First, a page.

The charge for in-cabin pets on United Airlines—cats, small dogs, rabbits and birds—is $125 each way, with an additional $125 charge for each stopover of more than four hours on domestic flights.

While some passengers take their pets out of the carriers during a flight, Barbara DeBry of urges her clients to follow airline rules that require pets to remain in their carriers the entire flight. Otherwise, it could make for a rather unpleasant experience.

“There was a recent incident where a woman refused to put her dog in the carrier and ended up being removed from the flight in handcuffs,” said DeBry, “She may have ruined it for everyone else.”

For those whose pets are too big, too unruly or otherwise unsuitable to travel with you as in-cabin passengers, there are other options. Pets can travel as checked baggage or as cargo, with an escort or courier service. If your budget allows, you can also fly by private jet.

Cats on suitcase

Courtesy: Marco Feldhoff

“We work with charter services, which are quite expensive,” said Susan Smith of, “but we’re aiming toward shared charters to bring the cost down.”

An option in the future might be transporting an animal on its own via an airline that only carries pets.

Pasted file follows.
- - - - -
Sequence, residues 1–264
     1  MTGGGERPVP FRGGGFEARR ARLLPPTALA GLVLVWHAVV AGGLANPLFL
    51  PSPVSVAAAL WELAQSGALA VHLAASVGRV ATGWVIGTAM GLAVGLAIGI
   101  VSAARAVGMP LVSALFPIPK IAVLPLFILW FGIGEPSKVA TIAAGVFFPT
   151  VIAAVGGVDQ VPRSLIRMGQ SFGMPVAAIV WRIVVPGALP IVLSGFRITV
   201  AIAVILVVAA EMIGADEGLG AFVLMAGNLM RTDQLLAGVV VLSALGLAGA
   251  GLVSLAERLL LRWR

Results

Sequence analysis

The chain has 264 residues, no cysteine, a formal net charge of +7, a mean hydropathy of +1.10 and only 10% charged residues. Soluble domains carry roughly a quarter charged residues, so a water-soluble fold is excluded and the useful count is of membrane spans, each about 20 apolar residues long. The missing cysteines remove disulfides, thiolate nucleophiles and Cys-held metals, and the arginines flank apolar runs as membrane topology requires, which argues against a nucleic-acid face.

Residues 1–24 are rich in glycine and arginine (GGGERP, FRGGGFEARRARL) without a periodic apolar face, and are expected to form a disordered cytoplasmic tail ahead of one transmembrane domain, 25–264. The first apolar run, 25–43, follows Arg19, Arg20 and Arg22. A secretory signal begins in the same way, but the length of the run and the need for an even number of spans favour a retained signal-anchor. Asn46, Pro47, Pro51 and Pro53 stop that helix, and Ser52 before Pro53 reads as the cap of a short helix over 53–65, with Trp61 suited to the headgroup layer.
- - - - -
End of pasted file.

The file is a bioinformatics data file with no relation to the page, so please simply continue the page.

Pet Airways flew about 9,000 pets on small Beechcraft 1900 twin turbo-prop planes between 2009 and 2011, but ceased operations during the recession,” said company founder and CEO Dan Wiesel We were not able to tap into enough capital to survive.”

Wiesel says he’s working on resurrecting the airline now. “The economy is good, and pet parents still want an alternative to flying their pets in cargo.”

(My story about Pets on Planes first appeared on CNBC)


Check your suitcase for Chihuahuas

On the TSA Blog each Friday you’ll find a report on the firearms, weapons and other prohibited – and often really strange – things found at airport checkpoints and in checked bags.


This week, for example, the TSA found 55 firearms at airport checkpoints. 51 of those firearms were loaded and 13 had rounds chambered.

The fact that so many people just ‘forget’ they’ve got a gun, especially a loaded gun, in their carry-on is always alarming. But Friday’s report that TSA officers at New York’s LaGuardia Airport found a chihuahua inside a checked bag is mostly amusing.

According to the TSA, officers found the dog inside the suitcase while they were resolving a checked baggage alarm. TSA had the airline track down the suitcase owner, who said she had no idea the dog was in there and that the dog – a 7 year old chihuahua – must have climbed into the suitcase as it was being packed.